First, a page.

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Iran, Iraq, 'Speed Bumps' and NIE Dissent

Andy McCarthy asks, What’s Our Iran Policy?

For lo these six-plus years, the Bush administration’s Iran policy has been incoherent. Axis of evil ... but no regime change; incorrigible destabilizer supporting both Sunni and Shiite terror in Iraq ... yet Iraq's helpful neighbor who has no interest in destabilization; the terror master who cannot be negotiated with ... but a rational actor we believe will be brought around by negotiations.

Got that?

Now, the confusion is manifesting itself in spasms of gibberish over another self-imposed wound: To release or not release evidence that Iran is stoking the violence in Iraq.

Andy's certainly right when he says "We need something besides confusion."

Nick Grace of Global Crisis Watch alerted us to a report from B. Raman of the indispensable South Asia Analysis Group (SAAG), in which he concludes that Israeli strikes on Natanz and Isfahan are imminent. After bulleting a few recently reported events, he adds:

After a visit to the US in February last year, I had reported that there were three groups there---- one group was totally opposed to any intervention in Iran. A second group urged intervention by the US before it became too late. The third group favoured intervention by Israel with a US wink, without Washington getting directly involved. The third group seems to have won the debate.

Saul Singer says "The Gambians are asking: So long as other countries are allowed to have these weapons, and they are not illegal, why shouldn't Iran join the club?" While there are 'official answers,’ Saul's essentially echoes that which we have gone to lengths here at ThreatsWatch to illustrate: It's the terrorism, stupid.

Meanwhile, Iran now claims to have assembled 300 centrifuges in two enrichment units at its underground Natanz facility. Just in time for their big February 11 celebrations designed to rally national support around their weapons program. Still lagging behind their goal of 54,000 centrifuges. Have I mentioned that their terrorism is spot on, however? Perhaps I should write a commentary or an analysis on this sometime soon...

From the New York Sun, Eli Lake writes that acceptance of the recently released National Intelligence Estimate on Iraq is far from universal or unanimous, with dissenting opinion filed by the Treasury Department's Office of Intelligence and Analysis, the National Geospatial-Intelligence Agency, and the military intelligence bureaus of the Army and Marines. The dissenters disagree with the majority opinion that Baathists and Sunni nationalists compose the majority of the Sunni insurgency, and instead "argue that the Baathist wing of the umbrella Sunni terrorist group has ceded authority to Abu Ayoub al-Masri, the leader of Al Qaeda in Iraq." The Baathist wing they speak of includes fully six al-Anbar tribes now operating under al-Masri via the The Mujahideen Shura Council which, according to one quoted intelligence official, "is now for all intents and purposes an arm of Al Qaeda."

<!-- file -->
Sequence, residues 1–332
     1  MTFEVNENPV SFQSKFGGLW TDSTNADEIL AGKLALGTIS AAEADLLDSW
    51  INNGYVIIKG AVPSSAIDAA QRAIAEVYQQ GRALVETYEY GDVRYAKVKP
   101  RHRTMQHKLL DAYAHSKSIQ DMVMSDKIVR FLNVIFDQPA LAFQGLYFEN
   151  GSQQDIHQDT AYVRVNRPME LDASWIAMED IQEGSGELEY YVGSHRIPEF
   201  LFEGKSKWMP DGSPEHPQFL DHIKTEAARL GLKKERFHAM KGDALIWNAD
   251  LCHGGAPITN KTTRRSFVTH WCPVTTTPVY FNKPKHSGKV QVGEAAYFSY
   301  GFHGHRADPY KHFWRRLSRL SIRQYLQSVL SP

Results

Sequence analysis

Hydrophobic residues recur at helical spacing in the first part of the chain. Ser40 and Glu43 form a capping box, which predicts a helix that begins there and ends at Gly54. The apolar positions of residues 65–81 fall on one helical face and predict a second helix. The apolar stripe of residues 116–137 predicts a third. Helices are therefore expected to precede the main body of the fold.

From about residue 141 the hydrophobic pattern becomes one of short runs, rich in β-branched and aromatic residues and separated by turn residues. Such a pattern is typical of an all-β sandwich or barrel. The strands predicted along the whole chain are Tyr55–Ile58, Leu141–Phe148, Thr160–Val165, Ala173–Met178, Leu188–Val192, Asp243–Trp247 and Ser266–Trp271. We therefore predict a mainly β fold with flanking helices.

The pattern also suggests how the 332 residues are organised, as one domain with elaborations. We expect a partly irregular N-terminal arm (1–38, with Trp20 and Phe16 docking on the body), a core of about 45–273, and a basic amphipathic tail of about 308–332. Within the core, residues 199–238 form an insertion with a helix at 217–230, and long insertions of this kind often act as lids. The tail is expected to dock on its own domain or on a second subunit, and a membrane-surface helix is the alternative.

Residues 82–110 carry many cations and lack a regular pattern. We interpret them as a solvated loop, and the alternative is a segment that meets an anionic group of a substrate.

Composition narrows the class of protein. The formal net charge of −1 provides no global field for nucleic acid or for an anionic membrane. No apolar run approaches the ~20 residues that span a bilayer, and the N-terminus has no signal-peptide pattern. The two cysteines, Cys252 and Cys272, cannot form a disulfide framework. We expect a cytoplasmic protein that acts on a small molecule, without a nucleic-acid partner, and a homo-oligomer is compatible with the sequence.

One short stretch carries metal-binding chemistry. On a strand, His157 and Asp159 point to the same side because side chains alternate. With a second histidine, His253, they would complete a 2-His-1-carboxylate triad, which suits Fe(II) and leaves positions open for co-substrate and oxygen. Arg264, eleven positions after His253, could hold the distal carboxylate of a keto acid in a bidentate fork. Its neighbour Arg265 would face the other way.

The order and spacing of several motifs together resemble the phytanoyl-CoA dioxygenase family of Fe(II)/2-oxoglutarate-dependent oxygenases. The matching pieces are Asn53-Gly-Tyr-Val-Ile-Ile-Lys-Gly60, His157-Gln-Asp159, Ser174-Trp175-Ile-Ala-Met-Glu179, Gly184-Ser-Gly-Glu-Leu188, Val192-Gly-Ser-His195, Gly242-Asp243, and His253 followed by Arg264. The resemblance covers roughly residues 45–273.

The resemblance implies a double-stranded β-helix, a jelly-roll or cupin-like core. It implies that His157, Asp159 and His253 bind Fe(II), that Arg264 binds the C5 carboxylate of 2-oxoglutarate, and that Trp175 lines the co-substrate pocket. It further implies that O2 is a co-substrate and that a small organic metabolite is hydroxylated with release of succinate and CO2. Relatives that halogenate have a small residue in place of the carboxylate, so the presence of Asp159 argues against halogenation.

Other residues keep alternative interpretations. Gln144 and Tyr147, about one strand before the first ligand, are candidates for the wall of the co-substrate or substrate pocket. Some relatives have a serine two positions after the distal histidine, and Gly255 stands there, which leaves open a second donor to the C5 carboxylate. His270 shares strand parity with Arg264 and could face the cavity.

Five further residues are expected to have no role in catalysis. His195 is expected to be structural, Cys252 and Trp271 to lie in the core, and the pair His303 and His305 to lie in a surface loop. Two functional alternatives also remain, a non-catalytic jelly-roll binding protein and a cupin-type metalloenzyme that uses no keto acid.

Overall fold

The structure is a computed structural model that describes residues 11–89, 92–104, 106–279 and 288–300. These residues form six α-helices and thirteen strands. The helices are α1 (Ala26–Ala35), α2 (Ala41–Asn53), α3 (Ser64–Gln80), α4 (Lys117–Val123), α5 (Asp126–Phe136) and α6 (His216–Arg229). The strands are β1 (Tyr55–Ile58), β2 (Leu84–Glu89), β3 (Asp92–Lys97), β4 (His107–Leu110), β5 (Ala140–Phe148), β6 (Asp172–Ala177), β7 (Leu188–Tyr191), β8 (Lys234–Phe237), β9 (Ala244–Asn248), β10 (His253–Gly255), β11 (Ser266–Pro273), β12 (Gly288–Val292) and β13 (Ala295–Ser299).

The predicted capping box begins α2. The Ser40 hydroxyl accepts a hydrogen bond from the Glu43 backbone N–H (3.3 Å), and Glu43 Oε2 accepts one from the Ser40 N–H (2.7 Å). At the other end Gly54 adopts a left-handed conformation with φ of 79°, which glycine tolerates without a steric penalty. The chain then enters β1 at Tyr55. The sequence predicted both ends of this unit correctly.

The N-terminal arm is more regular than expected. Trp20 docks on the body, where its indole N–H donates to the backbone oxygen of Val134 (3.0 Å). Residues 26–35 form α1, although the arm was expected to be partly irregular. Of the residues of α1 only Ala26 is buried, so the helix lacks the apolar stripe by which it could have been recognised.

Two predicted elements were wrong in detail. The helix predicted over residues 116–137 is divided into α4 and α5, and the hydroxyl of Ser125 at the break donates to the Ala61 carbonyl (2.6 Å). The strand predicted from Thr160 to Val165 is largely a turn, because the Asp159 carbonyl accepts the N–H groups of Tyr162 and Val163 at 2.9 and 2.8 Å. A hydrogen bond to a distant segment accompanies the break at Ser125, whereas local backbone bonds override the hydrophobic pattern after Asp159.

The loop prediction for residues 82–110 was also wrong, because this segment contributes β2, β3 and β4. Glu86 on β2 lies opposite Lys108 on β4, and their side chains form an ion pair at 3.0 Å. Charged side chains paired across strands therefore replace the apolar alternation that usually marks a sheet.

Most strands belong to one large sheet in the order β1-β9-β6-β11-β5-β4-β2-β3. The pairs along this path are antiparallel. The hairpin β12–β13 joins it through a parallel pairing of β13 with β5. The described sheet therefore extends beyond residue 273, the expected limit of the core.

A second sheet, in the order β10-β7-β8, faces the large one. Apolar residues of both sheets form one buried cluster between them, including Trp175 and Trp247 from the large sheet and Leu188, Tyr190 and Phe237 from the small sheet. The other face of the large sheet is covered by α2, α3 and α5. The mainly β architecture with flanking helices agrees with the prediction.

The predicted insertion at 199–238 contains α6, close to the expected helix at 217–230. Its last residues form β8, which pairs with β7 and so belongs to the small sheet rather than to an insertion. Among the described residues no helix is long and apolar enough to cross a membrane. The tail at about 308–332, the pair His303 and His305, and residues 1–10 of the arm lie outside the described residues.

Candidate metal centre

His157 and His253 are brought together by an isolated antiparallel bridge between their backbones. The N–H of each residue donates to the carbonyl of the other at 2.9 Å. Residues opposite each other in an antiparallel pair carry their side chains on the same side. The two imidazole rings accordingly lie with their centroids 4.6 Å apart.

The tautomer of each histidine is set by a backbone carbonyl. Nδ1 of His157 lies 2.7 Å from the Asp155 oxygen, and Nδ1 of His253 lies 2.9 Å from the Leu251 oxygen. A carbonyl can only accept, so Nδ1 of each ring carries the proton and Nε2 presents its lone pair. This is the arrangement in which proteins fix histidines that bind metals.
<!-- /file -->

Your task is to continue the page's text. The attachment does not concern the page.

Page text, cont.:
In Major Dissent, Major Issues, our Michael Tanji makes a rather common sense observation at his personal blog, Haft of the Spear.

It is important to note the size and make-up of the dissenters; Treasury is heavy into insurgent/terror funding issues so their say here is not insignificant, and it almost goes without saying that Army and Marine intel have a much more detailed view of things on the ground. The majority agencies have their people on the ground and other resources of course, but a desk-jockey arguing a position based on reports sent by a guy who rarely if ever leaves the Green Zone seems insufficient when stood up next to a guy who probably still hasn’t washed all the Iraqi sand out of his crevasses and has actually met a few terrorists.

There is a lot that can be said about the Dissent v. Conventional Wisdom in the case of the NIE, but that just about covers the view from 10,000 feet.

Also in Iraq, the enemies have adapted IEDs to strike at the undercarriages of military vehicles, the only spot on most vehicles not up-armored. "The weapon is formed by sandwiching plastic explosives between metal plates, such as baking trays, a Pentagon intelligence document shows." It's called the 'speed bump.' A creative and adaptive enemy intent on killing you will adapt and create in order to kill you.

Just a few things that caught my eye earlier that, with insufficient time today, I thought I’d share here.


In the game theory of adversarial relations, there is an advantage to having a foreign policy which is, at least publicly, vague and contradictory. This helps to keep the enemy off-balance. If a wiley adversary like Iran is unsure how the US will respond to their next gambit, they will tend to moderate or second guess their own moves. If the Iranians were absolutely clear on US policy, they would know exactly how far to push it & they would find it easier to manipulate and move the US position. Sometimes ambiguity is very useful.

You make some good points, Kenneth. Food for thought.

The problem though is that I think you give the administration too much credit. I have to agree with McCarthy, we've got confusion.

In other words, it's not that we've being vague as to how far we'll let Iran push us. I don't even see a strategy.